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Friday, November 11, 2011

Chicken and Beef

by Uncle Dale

We grow 50-100 broilers each year for our table. It’s not economical. It costs us over $1.50 per pound and that doesn’t account for our labor. http://backyardfarming.blogspot.com/2010/06/cornish-cross-versus-freedom-rangers.html But it’s my hobby and I enjoy producing some of my own meat. They are pasture raised and I know what goes into them although I am not opposed to industrial produced broilers. I know the broiler industry well and I have friends who own contract broiler houses. Their mortality is less than mine. My palette is not discerning enough to tell if my chicken taste any better than industrial produced chicken. I am opposed to caged layers which is why I keep my own layers. http://backyardfarming.blogspot.com/2008/09/liberate-layers.html

So we eat a lot of chicken in our home. Chicken is less fattening and supposedly a healthier option than pork or beef. But boy do I like beef! Every few years we buy a side or quarter of beef but usually we just buy what is on the reduced rack. Beef on the reduced rack is one of the best deals in the grocery store. Beef industry marketing campaigns have convinced people that fresh beef is the best. But years ago people paid premium prices for “aged” beef. The carcass was allowed to hang much longer in the cooler. This process allows moisture to evaporate from the muscle concentrating the flavor and the beef’s natural enzymes break down the connective tissue in the muscle, which leads to more tender beef. But aging beef is expensive because of the extra time spent in the cooler and loss of moisture means less weight to sell to the customer. So the industry convinced consumers that fresh beef is better. Beef on the reduced rack has had a little more time for the enzymes to start working and it costs less! So I go for the premium aged, reduced rack beef at a bargain price. 

We haven’t purchased a side of beef for several years. The other day one of my students in my course at the University came up and asked if I wanted part of beef that she raised this past summer. Well she has heard my lecture on growing your food, knowing your food, buying local, and buying directly from farmers. So I was trapped. But that is okay. We are buying a mixed quarter from her. We will get about 125 pounds of steaks, roasts, hamburger, soup bones, etc. for about $3.50 per pound. So move over chicken. We have to make room for beef.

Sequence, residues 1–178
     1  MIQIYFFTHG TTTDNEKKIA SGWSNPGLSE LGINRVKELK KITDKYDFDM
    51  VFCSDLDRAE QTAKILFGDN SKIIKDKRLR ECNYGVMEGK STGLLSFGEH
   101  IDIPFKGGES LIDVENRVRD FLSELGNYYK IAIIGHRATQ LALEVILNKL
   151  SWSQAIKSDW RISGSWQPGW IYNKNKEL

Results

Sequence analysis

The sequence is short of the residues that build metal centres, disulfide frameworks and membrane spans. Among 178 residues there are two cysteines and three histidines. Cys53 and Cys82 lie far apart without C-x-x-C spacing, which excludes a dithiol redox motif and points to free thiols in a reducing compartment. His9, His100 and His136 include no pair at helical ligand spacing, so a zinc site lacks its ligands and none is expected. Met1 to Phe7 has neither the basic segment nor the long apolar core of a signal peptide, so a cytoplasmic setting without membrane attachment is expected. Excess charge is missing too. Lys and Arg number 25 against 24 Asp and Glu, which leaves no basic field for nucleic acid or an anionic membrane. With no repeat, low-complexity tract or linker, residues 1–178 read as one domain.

Move over chicken, the beef is coming.

 The guy on the right side of the photo is named Filet. He will be in our freezer in a few weeks. 


Amy @ Homestead Revival said...

Chicken sells for about $2.29/# in the store here, so I'd jump up and down for $1.50/# and call it a great sale! I raised my own this summer (my first time) and it cost me about the same as the store. I think I can do better next time because I learned a few things from feed mistakes I made. BUT, no doubt about it... it's some of the best chicken we've ever had!!

I buy half a cow from a gal who raises grass fed pastured beef each year and we try to get some venison or wild boar as well. And growing up, we ate quail and dove. (We fished as well) Several friends are also starting to raise sheep or rabbits for meat - I'd really like to try some and see if it's for us. I think variety is good.

K-Koira said...

Man, my dogs wish my freezer looked like that...

Raw feeding dogs means I buy a lot of meat. Most of what I buy is mark down and discounted meats, and I even get people's freezer burned meats for free, which the dogs don't mind at all.

Alice said...

$1.50/pound is very economical if you compare it the the $16/bird that a local farm charges for their pasture raised chickens. :)